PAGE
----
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Eva Speakman, a therapist on the show, opened up to Holly and Phillip Schofield about the abuse she'd experienced with an unnamed former partner, whilst sitting alongside current partner and fellow therapist Nik Speakman.
Eva Speakman opens up for the first time about the domestic violence she experienced at the hands of a former boyfriend - abuse which escalated so much that she was eventually hospitalised pic.twitter.com/QrMQnKLGt6
- This Morning (@thismorning) November 13, 2019
Brave Eva revealed details of her former life before meeting Nik and it left Holly, as well as us, reaching for the tissues. Holly looked so upset throughout and seemed unable to continue asking questions, leaving Phil to mostly lead the way.
During the interview, Eva said the abuse started verbally but soon words turned into violent actions.
She remembered seeing a '"look" in his eye which she knew meant he was going to attack her.
On one occasion, this violence left her hospitalised with damages that affected her speech and co-ordination, leading the hospital to believe she might have permanent brain damage.
Eva explained she was out and about, when her then partner head butted her three times.
She said: "I just remember excruciating pain that I've never felt in my life.
"Even though there was so much pain physically, and I was really frightened, [I felt] shame, because people had actually seen this.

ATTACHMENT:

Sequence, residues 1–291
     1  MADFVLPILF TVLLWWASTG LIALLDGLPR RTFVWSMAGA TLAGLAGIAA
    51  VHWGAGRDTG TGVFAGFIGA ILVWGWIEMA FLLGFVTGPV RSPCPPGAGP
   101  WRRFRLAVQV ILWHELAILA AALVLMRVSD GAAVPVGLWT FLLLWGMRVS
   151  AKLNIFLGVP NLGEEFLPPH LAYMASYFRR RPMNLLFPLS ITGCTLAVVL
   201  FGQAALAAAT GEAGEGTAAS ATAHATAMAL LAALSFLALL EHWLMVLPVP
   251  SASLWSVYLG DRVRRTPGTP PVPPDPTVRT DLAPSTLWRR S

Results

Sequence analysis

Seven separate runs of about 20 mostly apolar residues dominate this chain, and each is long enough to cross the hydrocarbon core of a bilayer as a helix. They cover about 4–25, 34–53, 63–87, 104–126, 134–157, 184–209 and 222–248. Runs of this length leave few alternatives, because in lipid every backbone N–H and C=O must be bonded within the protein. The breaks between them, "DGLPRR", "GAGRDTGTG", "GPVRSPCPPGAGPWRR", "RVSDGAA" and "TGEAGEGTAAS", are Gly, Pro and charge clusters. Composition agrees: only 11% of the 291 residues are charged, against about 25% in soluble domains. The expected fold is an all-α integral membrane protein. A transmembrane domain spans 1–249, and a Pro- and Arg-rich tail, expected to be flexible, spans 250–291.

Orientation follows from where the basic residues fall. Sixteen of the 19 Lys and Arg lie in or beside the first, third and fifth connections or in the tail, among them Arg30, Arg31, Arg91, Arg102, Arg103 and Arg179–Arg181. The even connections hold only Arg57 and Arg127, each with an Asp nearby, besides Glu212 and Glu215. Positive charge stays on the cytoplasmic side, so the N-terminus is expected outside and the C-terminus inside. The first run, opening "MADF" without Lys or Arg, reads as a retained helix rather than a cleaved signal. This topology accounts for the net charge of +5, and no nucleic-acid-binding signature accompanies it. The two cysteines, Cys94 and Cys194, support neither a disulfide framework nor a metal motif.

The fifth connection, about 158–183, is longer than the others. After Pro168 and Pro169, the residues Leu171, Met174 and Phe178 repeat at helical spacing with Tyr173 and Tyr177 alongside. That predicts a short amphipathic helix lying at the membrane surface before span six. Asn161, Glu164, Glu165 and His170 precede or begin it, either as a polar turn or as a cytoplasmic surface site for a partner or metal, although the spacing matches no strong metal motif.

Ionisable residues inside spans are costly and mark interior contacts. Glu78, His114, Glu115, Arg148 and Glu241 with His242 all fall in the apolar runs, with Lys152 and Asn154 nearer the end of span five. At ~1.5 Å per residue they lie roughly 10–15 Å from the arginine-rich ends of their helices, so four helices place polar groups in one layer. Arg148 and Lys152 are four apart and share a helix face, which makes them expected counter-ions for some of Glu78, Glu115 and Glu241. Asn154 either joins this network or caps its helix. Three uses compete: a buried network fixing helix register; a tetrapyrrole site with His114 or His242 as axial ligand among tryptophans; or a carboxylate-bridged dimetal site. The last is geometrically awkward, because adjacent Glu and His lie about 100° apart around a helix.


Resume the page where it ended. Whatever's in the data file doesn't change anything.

"I said to my cousin, 'Help me, take me to the hospital'. I was terrified."
Even after the damage her ex partner caused her, he didn't leave her alone. In fact, he turned up at her front door after she was discharged from hospital and when her dad refused to let him in, he punched him in the face and broke his nose.
It took a lot of strength, but Eva left the partner, eventually feeling sorry for him, despite her trauma.
But inside, Eva is still struggling, something she says is due to not talking about it enough.
Holly asked her through tears: "You've helped so many people and you're living this, and you've got yourself out of this situation, but you're living with this trauma inside.
"If you can't move on, how can anyone else? Is it possible to move on?"
Eva explained: "I didn't talk about it enough. We're going to talk about it now - the embarrassment and shame. There is no shame.
"If you're listening to me knowing I've been through this - you are the victim, not the perpetrator.
"One in four women do face some sort of abuse. You have to talk.
"You have to realise it's not your fault," she continued, whilst addressing domestic abuse sufferers at home.
She added: "They won't change. You think you can change them, but they will not change, and it will only get worse."
Rounding things off, Holly thanked Eva for being so open.
She said: "You are so brave. I am full of admiration for you, I really really am."
If you want 24-hour help or advice, contact Womens Aid.
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